Academic journal article Entrepreneurship: Theory and Practice

Why Do Entrepreneurs Switch Lead Venture Capitalists?

Academic journal article Entrepreneurship: Theory and Practice

Why Do Entrepreneurs Switch Lead Venture Capitalists?

Article excerpt

We examine the dynamics of the positive sorting in the venture capital industry. Our findings indicate that switching lead venture capitalists (VCs) is not uncommon during the course of entrepreneurial firms' development. Companies with upwardly revised perceived quality are more likely to switch to more reputable VCs. Further, companies that switch lead VCs obtain larger capital infusion and higher pre-money valuation. However, companies that switch to more reputable VCs accept smaller investment size and lower pre-money valuation in follow-on rounds. In addition, it takes significantly more time for switchers with downwardly revised perceived quality to obtain subsequent financing.

"A venture capital firm should deliver and focus on its core competency and move on. Just like startups change CEOs as they mature, shouldn't companies change VCs as they mature ? If there is a good startup CEO, shouldn't there also be good startup VCs? Some people can take a company from startup idea to billion-dollar business, but most need to be replaced along the way--this is true for both management teams and board members. (Hoffman, 2009).


There exists substantial uncertainty in venture capital investments, especially in the early stages. It is well established that there exists a positive sorting mechanism in the venture capital market in which more reputable venture capitalists (VCs) invest in better companies (Hsu, 2004; Knill, 2009; Sorensen, 2007). More recently, Bengtsson and Hsu (2010) show that the personal characteristics of VCs and founders also help explain the matching between VCs and entrepreneurial firms. Yavuz, Marquez, and Nanda (2010) show that fund managers may voluntarily limit fund size in order to match with high-quality entrepreneurial firms and consistently deliver superior returns. Given the importance of the matching in private equity investments, how the relationship between VCs and entrepreneurs evolve, however, is more or less neglected. Venture capital-backed companies typically take 2-7 years before they come to fruition in an exit, such as an initial public offering (IPO) or an acquisition. As both VCs and entrepreneurs learn about the potential of a start-up venture over time, it is natural to expect the two-sided matching between VCs, in particular, lead VCs, and entrepreneurs to dynamically adjust.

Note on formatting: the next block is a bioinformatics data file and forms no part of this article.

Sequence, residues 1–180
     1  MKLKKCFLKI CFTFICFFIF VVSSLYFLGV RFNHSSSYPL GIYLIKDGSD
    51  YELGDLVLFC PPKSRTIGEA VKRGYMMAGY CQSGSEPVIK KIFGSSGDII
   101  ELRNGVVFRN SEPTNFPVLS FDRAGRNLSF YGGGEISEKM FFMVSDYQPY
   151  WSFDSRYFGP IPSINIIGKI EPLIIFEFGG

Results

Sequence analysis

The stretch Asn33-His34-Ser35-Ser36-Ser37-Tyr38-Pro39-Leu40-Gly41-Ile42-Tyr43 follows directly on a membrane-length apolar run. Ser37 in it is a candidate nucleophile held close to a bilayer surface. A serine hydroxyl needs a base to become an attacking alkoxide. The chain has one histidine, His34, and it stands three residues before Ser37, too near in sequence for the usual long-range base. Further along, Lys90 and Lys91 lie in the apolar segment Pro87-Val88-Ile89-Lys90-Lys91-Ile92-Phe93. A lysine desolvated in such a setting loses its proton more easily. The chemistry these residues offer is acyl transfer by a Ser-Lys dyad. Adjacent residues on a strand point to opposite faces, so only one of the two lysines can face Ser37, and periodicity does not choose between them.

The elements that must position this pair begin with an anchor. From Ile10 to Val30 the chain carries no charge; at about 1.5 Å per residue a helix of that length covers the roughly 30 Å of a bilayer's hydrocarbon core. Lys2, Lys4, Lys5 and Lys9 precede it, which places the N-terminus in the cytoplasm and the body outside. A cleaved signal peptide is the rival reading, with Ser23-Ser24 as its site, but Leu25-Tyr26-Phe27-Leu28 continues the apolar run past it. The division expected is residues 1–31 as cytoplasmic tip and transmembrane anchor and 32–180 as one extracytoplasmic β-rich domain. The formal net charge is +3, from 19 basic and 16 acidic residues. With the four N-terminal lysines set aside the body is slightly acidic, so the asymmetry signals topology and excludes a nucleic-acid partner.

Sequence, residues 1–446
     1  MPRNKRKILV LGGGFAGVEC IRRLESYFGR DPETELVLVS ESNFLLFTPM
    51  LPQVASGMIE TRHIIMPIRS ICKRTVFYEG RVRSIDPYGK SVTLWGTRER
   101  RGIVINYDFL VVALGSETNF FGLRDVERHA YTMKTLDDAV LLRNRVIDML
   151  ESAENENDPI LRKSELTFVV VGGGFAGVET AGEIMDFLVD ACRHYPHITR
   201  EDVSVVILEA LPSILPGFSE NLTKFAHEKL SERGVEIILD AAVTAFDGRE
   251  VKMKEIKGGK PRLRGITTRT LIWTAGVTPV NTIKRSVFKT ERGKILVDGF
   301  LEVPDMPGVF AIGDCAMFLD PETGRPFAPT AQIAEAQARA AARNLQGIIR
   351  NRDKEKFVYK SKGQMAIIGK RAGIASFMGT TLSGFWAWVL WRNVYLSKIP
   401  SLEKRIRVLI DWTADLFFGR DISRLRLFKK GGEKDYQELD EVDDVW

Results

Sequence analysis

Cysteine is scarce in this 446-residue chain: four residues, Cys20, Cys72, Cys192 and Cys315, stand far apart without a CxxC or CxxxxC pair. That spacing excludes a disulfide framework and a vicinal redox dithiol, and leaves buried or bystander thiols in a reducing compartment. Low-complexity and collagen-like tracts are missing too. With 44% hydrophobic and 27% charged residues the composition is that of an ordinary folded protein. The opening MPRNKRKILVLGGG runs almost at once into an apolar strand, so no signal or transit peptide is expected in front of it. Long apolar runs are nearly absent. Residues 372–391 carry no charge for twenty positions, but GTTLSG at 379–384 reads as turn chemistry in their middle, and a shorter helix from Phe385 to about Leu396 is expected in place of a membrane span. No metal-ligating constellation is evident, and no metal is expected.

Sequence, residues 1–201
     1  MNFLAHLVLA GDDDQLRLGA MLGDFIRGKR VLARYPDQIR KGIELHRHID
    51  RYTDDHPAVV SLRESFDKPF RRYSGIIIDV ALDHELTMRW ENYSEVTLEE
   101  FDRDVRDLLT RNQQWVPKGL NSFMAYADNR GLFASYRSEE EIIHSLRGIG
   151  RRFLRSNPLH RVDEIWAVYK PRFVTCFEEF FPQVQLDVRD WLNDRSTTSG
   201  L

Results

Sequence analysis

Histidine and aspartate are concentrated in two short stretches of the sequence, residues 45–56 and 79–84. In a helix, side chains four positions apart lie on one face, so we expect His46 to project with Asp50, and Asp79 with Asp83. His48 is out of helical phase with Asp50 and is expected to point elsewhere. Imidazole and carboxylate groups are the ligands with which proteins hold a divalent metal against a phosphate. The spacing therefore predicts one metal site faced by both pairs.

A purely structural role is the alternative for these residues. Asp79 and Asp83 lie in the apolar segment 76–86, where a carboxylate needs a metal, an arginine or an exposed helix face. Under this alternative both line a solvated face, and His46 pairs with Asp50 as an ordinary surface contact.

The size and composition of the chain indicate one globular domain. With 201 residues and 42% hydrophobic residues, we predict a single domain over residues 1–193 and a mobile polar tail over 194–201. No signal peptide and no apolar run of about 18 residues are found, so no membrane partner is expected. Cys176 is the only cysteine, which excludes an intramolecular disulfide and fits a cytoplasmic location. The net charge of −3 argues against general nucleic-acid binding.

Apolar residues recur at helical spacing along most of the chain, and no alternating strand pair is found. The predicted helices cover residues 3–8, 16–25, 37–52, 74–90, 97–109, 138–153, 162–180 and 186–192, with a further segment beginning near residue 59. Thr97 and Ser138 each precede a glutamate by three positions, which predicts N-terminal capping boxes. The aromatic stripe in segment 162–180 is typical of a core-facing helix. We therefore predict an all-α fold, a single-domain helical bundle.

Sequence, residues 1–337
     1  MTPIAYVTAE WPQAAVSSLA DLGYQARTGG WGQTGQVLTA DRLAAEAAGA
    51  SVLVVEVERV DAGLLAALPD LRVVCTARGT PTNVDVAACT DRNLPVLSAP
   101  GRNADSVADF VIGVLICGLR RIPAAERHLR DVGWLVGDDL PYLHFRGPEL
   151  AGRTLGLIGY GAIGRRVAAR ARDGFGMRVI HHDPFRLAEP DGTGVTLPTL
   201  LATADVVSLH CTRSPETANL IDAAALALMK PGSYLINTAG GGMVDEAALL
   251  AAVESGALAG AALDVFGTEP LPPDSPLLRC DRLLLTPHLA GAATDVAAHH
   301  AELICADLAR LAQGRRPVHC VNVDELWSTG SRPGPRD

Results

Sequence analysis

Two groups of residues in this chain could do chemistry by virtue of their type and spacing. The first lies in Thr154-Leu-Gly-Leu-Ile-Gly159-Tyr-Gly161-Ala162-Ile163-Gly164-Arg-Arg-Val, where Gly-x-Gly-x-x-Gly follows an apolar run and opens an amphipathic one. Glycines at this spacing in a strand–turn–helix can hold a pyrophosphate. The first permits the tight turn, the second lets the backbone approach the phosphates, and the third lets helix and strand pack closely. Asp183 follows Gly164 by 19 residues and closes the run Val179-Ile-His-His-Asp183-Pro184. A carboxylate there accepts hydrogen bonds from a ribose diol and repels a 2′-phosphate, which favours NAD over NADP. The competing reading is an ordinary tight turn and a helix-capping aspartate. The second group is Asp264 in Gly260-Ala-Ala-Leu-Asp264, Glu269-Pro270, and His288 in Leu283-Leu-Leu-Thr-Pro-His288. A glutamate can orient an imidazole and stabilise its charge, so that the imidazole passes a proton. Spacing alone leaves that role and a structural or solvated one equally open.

In this article, we explore the switching dynamic between entrepreneurs and their lead VCs and the underlying motivations. We define switching as when the lead VC firm in previous rounds is not the lead VC in the current or later rounds any more, where lead VC is defined as the one that had invested the largest cumulative amount of capital by the time of a specific round. (1) Switching lead VCs is more common than one might expect. We show that during the period from 1991 to 2002, 23% of the follow-on rounds of financing have lead VCs that are different from those of previous rounds. Further, we examine the consequence of switching lead VCs, for instance, the amount of capital raised and the valuation in the new round. Among the various factors examined, our key interest includes the impact of VC reputation and new information learned about the perceived quality of entrepreneurial firms on switching decisions, and whether companies switch to more reputable VCs regardless of less favorable financial terms, such as valuations, as Hsu (2004) finds these are important determinants of matching when the entrepreneur-VC relationship was initiated.

Theoretically, the switching process can be initiated by VCs or entrepreneurs. We conjecture that entrepreneurs will initiate switching if they view that the benefits of having a more reputable VC rather than the existing VC are greater than the cost of switching. This hypothesis predicts that ventures have a higher probability of success if entrepreneurs are successful in obtaining subsequent funding from more reputable outside VCs. …

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